Understand Maintenance Requirements for Restroom Components

Plumbing components generally are low-maintenance items, but they are not maintenance-free.

By James Piper, P.E.  
OTHER PARTS OF THIS ARTICLEPt. 1: Water-Use Audits Can Help Managers Focus on UpgradesPt. 2: This PagePt. 3: What Does COVID-19 Mean for Restroom Upgrades?

If managers expect investments in water-saving devices to perform as intended over the life of the product, they must ensure that technicians inspect and maintain the products regularly. This process confirms that they fully shut off when not being used. Even a small leak in a water closet can waste up to 30 gallons of water per day.

Even touchless fixtures require periodic battery replacement, and technicians need to test them to ensure they are delivering the proper quantity of water and that they fully stop the flow of water when off.

By using the information developed by the water audit, managers can develop a schedule for the inspection and testing of all water-using devices. One size will not fit all, so it is essential to develop the inspection and testing schedule based on level of use.

Technicians need to conduct regular inspections of all water-using spaces, including mechanical rooms, for plumbing leaks. Some leaks will be obvious, but others might be hidden inside equipment or in unoccupied spaces. The WaterSense program estimates that on average, 6 percent of a facility’s water use is the direct result of leaks. And the cost of a leak is more than just the lost water. Leaks cause damage to equipment, building finishes and structures.

One of the most important tools managers have in a water-conservation program is metering. Most facilities have only a master water meter, but meters can provide valuable information to managers if used properly. While water companies may read the meter only once a month or once every three months, managers striving to conserve water should have technicians read the meter at least once a week. Technicians then can compare the readings to previous readings to detect unexpected changes in levels of water use.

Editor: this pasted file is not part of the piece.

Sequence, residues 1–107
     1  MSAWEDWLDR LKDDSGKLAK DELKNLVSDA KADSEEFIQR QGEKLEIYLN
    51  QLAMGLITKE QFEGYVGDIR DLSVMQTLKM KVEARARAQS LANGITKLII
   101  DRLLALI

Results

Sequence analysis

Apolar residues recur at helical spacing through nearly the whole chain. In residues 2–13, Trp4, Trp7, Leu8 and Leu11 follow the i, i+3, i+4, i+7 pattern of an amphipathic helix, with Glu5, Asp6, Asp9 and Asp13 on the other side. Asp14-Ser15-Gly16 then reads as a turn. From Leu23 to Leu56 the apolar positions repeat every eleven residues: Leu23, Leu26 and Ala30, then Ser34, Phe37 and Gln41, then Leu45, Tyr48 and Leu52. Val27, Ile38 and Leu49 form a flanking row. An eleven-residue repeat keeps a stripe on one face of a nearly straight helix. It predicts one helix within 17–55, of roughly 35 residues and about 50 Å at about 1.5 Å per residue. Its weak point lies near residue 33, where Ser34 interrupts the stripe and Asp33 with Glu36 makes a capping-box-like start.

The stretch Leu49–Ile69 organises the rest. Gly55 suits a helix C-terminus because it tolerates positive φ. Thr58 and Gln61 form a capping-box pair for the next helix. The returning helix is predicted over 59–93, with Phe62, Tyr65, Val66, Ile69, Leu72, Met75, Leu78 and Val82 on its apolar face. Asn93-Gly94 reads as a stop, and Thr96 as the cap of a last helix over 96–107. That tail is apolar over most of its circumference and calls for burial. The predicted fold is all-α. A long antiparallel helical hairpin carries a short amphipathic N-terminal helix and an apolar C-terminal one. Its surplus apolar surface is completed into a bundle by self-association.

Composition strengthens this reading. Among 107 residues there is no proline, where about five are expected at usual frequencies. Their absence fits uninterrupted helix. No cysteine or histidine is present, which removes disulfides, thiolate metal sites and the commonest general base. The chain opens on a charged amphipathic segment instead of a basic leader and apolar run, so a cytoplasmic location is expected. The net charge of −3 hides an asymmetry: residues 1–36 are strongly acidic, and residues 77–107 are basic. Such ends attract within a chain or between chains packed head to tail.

Reading the master meter can only go so far. It might identify when a problem occurs, but it will not reveal the location. What managers really need is a network of submeters located on strategic water lines in the facility to help uncover the location of developing problems. For submeters to be effective, technicians must read them regularly and compare the results to previous readings. If the facility has a building automation system, technicians can read those meters automatically and set limits to flag unexpected water use.

Managers must be certain to include the maintenance staff and building occupants in the water-conservation program. Water conservation is a group effort. Occupants, maintenance staff and housekeeping personnel all play an important role in minimizing water use. These people are in the restrooms every day using the fixtures and monitoring the conditions, so managers must involve them in any water-conservation effort.

Everyone involved needs to know how to report a malfunctioning device or a water leak. Managers must have a system in place to handle these reports in a timely and efficient manner. And occupants and staff should receive periodic reminders. Program success depends on more than installing devices. It requires participation by everyone in the facility.

Continue Reading: Plumbing and Restrooms

Water-Use Audits Can Help Managers Focus on Upgrades

Understand Maintenance Requirements for Restroom Components

What Does COVID-19 Mean for Restroom Upgrades?

Contact FacilitiesNet Editorial Staff »

  posted on 10/16/2020   Article Use Policy

Related Topics: